Gambier Bay to Fords Terror
After breakfast and a hike or paddle, we’ll cross Stephens Passage for Holkham Bay and the Tracy Arm/Fords Terror Wilderness Area. Here you’ll experience the true magistracy of southeast Alaska as we enter Holkham Bay with Mt. Sumdum and it’s glacier to greet you. On our way to Fords Terror the David B will glide between enormous sapphire icebergs from Dawes Glacier at the head Endicott Arm. We’ll anchor in a deep water cove next to unbelievably steep cliffs that are laced with thin waterfalls that cascade into the aqua blue water.
Fords Terror – Dawes Glacier – Wood Spit
After one going on one of the most beautiful hikes that southeast Alaska has to offer, we’ll get underway for Dawes Glacier. Visiting a tidewater glacier is one of the highlights of this cruise. After slowly picking our way through the ice that has calved off of Dawes, we’ll spend an hour or longer watching this magnificent river of ice as it calves its icebergs into Endicott Arm. In the evening we’ll anchor at Wood Spit. Once the anchor is down and all is quiet, we’ll listen for the breath of humpback whales that come into the adjoining Holkham Bay, and watch the shoreline for the occasional black bear that makes its way to the beach.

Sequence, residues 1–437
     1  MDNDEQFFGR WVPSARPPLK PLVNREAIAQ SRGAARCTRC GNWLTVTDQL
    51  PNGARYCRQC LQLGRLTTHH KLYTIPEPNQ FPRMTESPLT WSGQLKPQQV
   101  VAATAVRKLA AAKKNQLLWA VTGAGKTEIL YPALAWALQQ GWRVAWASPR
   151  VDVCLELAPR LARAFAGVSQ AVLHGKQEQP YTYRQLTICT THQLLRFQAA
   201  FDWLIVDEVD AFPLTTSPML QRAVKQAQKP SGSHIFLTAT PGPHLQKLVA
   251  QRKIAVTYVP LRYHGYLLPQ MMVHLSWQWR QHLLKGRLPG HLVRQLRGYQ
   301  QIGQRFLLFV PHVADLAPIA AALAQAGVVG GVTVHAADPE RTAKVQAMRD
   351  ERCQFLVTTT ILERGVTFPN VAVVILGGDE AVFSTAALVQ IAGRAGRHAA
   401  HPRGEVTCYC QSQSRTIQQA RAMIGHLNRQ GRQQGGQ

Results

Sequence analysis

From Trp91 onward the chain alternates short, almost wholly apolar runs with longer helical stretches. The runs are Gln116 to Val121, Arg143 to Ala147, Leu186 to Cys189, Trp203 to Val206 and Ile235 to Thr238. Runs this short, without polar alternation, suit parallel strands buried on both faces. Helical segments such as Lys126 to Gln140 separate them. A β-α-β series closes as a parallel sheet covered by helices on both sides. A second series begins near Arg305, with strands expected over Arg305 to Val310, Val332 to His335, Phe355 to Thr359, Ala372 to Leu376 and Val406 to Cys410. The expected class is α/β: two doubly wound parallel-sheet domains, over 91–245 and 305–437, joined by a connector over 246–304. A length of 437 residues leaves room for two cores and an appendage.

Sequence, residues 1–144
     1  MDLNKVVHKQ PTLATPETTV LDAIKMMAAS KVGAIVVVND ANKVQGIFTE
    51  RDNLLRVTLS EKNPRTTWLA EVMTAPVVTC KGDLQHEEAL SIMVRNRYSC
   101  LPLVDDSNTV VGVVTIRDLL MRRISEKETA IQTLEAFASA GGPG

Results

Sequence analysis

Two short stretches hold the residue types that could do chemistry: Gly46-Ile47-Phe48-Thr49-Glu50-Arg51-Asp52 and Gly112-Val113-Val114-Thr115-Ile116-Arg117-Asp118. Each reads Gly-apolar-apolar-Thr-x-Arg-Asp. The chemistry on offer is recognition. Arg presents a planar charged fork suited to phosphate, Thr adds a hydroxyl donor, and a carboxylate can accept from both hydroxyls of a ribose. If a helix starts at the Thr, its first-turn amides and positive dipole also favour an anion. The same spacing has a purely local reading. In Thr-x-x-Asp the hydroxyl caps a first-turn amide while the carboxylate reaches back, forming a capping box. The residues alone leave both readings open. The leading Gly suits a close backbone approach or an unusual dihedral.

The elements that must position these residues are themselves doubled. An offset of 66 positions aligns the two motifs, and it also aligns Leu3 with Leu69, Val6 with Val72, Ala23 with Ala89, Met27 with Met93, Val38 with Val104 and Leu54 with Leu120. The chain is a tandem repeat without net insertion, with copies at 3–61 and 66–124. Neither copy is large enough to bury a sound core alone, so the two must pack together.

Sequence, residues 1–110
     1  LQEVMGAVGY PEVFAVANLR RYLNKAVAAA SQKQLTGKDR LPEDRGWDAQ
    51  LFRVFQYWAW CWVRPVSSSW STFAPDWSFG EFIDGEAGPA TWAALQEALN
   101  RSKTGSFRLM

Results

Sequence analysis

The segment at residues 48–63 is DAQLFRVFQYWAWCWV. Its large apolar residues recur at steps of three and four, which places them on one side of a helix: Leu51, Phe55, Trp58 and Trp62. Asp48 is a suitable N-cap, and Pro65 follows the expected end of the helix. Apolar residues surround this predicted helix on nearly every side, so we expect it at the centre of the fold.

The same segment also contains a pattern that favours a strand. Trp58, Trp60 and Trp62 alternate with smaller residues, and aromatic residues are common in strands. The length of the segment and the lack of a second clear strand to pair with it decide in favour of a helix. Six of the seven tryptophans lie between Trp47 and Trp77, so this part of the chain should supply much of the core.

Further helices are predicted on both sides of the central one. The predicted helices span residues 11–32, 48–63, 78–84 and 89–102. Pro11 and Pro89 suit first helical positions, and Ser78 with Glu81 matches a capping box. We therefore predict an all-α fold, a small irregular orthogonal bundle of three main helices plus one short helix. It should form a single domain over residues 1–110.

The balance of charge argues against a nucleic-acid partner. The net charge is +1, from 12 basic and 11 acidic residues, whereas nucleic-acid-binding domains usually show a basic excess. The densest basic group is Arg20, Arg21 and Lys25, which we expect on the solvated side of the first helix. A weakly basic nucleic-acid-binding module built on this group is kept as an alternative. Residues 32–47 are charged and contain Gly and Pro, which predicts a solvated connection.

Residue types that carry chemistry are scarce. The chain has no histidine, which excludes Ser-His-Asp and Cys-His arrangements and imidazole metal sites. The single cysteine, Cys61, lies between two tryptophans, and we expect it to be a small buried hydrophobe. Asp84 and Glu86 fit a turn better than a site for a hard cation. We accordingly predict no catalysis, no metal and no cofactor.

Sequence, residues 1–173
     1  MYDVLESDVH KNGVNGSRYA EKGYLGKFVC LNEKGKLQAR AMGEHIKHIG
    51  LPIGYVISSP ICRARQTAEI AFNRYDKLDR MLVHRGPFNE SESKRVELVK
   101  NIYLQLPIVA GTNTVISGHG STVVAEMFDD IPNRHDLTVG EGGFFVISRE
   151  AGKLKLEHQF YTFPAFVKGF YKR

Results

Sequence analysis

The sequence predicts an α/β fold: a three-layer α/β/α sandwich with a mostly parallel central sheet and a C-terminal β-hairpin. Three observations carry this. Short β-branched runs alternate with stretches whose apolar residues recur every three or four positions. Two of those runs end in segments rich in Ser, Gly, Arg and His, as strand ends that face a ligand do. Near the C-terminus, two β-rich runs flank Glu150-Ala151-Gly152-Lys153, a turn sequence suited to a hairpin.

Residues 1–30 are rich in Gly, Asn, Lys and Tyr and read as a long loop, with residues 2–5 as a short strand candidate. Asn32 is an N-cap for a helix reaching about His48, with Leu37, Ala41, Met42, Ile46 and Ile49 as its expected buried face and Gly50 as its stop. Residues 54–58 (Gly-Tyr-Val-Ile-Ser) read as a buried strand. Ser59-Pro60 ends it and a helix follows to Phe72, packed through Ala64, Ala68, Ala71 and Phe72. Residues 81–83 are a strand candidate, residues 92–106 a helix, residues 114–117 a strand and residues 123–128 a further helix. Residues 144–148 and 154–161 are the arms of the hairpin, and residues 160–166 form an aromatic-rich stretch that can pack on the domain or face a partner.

Wood Spit – Tracy Arm – No Name Cove
In the morning we’ll take a walk along Wood Spit. It’s the ancient moraine of where Dawes Glacier once ended. The walk along the beach is a mix of rocks and sand left by the glacier and now home to many intertidal creatures. Wood Spit is also a nice place to follow bear trails into the forest. Once you’ve pushed through the low shrubs and Devil’s Club that lines the edge of the woods, the forest opens up into a cathedral of tall trees dripping with mosses and lichens. The trails that crisscross the floor lead us to the other side of the spit. After our walk, we’ll spend time cruising in Tracy Arm. This fjord is spectacular with steep walls, big bends, and s-turns. It’s also a good place to look for black bears. How far we’ll go will depend on the condition of the ice from North and South Sawyer Glaciers. In the evening, we’ll anchor in No Name Cove. It’s a special place with views of mountains, glaciers, and icebergs that ride the tide out of Tracy Arm. Here we’ll watch for humpback whales and brown bears.
No Name Cove – Juneau
The David B will be underway early in the morning. It’s six hours between No Name Cove and Juneau. Along the way, you’ll be served handmade croissants while you watch for humpback whales. We’ll make our way up Stephens Passage to Gastineau Channel where Juneau clings to the side of Mount Roberts. We’ll arrive in Juneau mid-day at the Intermediate Vessel Float.
Please note that each cruise we do is a little different, so actual itineraries will vary due to weather and timing.
To Book Your Alaska Cruise – Email or Give Us a Call at 360-474-7218